This story was originally written in 2015. It’s part of 25 flash fiction stories published in June, 2015. At that time I was reluctant to include it in this collection, wondering if it was simply too extreme–that it would seem too sensational.
A mere two years later, on January 20, 2017, Former Ku Klux Klan Grand Wizard David Duke tweeted the following:
At this point I’m convinced this story is far from extreme. This stark reality represents an existential threat to many.
It was an uncomfortable day in early June—the second day of summer vacation after Kenya’s first year of middle school. Whatever that was. She lay sprawled on the living room floor, in direct line of a weak fan, vacantly paging through a book she’d been encouraged to read. She loved to read. That wasn’t the problem. But she would have loved to decide what she would read during her free time.
The sharp pounding on the front door, mere inches from where she lay, jerked her body to attention. Terror instantly invaded her dark eyes. The last time this had happened in their economically depressed neighborhood, their house had been targeted by a loud, demanding group of hooded men. Who were they? What did they want? Why were they dressed like that? Her mother had been vague and had tried to brush it off, but her blue eyes had revealed her own panic.
Her heart pounded as her stepfather strode to the door. “Kenya, get outta here. Now!” he barked as he passed. Quick as a hummingbird, she flitted under the table in the adjacent room.
Her stepfather was a minister in a small rural church made up exclusively of white folk. Except for her, of course. She was “black”. At least that’s what he had told her years ago. She never referred to her stepfather by his given name and she refused to call him Dad. Her real dad was a pharmacist in the city. She saw him on holidays.
She could hear his voice, low and tersely appeasing. “No, brothers,” he spat out, “I am with you. I am one of you! Don’t forget that!”
Kenya slowly peered around the corner, then pulled a breath in sharply. Hoods! She disappeared and slunk to the far end under the table. More loud, almost indistinguishable sounds from under formidable hoods. She could only make out a few words. “… she has to go …” and “… she’s not one of us …” was all she could hear.
Instinctively she knew whom they were talking about. A cold shiver ran down her sweaty back. Horror gripped her. She had once wanted to check out a book from the library that had a picture of people dressed in white hoods on the jacket, but her mother had quickly snatched if from her, stating it was “unsuitable.” And because she didn’t go to school, she had never had the opportunity to ask anyone about it.
The voices hissed and droned, rose and fell. They were not giving in and neither was her stepfather. She could tell by his voice that he was getting angry.
But why? Why her? “Not one of us”? Why not? Her family lived here; they went to church here; she went to the store with her mother and four half-brothers and sisters here.
“You’re black. You’re black. You’re black.” The words she’d heard from him years ago reverberated through her brain.
“No, I’m not!” she had argued, looking down at her pale cappuccino colored arm. She had been four. “I’m not black! I’m … I’m beige,” she had insisted, having just learned various nuances of color.
But there had been no arguing. She was black. That was it. He had said so.
Kenya’s entire body shook with humiliation and fear. She hated who she was. When she was old enough to run away, she would go to the hair salon and have them put light brown dye into her hair. Like her granny’s hair.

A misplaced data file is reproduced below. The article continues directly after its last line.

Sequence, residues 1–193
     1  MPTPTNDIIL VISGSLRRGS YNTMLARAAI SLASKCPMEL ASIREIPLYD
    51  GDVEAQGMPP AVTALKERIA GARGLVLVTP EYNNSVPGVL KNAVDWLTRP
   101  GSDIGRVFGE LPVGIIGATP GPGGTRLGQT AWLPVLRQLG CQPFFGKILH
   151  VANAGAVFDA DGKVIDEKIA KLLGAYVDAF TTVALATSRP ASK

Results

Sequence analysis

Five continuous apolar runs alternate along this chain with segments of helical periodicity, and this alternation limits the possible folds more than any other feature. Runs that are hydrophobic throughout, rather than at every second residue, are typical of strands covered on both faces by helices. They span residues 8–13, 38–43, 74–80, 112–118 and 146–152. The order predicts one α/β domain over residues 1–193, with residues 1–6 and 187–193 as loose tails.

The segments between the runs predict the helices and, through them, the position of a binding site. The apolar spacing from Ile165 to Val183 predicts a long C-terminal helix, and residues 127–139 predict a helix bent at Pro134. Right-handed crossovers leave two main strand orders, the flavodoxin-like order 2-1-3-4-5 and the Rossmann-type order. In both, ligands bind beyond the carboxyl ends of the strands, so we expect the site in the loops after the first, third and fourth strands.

But, of course, she hadn’t seen her granny in a very long time because she had been there when he had called her black. Granny had said that black was lovely, but that she could be beige if she wished. Granny had fought for her. For her “Baby Kenya” as she’d called her. No one called her Baby Kenya now and she longed to hear that voice again. Not that she was a baby, but because her granny said she would always love her no matter what.
He stormed back into the house, slamming the door. Rage was in his step. Her thoughts quickly went to what to do next. She never knew.
“Ken? Where are you!?” She hated being called Ken. That was a boy’s name, but he hated Kenya, as he said it made her sound like she belonged in Africa. And that must always remind him that she wasn’t white. Not the perfect, holy, Sunday-school-picture color that he said he and her mother and siblings were.
His shoes appeared next to the table near her and he stooped to peer under. “Get outta there,” he snarled, grabbing her right arm even though she was already wiggling her body out.
“Stop that! That hurts,” she wailed, not even looking into his steely eyes. “Robot eyes” is what she called them. But only to herself. Never out loud.
He shook her again. “You! You’re to blame for all of this! If you weren’t … black.” He heaved her arm down with disgust and turned to leave the room. “If that damn girl weren’t …,” he spat at Kenya’s mother, “…a…a fuckin’…,” he paused again. Furious.
Kenya knew all too well which word he meant to use. He’d used it so often in the past and it had broken her. “If we didn’t have her,” his words were laced with contempt, “We wouldn’t have these problems.”
Her head dropped, tears collected in her eyes, fists clenched. Every time he lashed out, he left her destroyed. Humiliated. Violated. Discarded.
Something moved in the doorway he had just roared through. Without even lifting her face, she knew it was her mother. When she did turn, she saw her weary mother mouth the words, “I’m sorry.”
Quickly Kenya turned and went to her room. She threw herself onto her bed, sobs wrenching her body. She wished more than anything that she could go far, far away, color her hair and read any book she wished.
One day I will, she vowed. You wait–one day I will.
© Julia Penner-Zook, 2017
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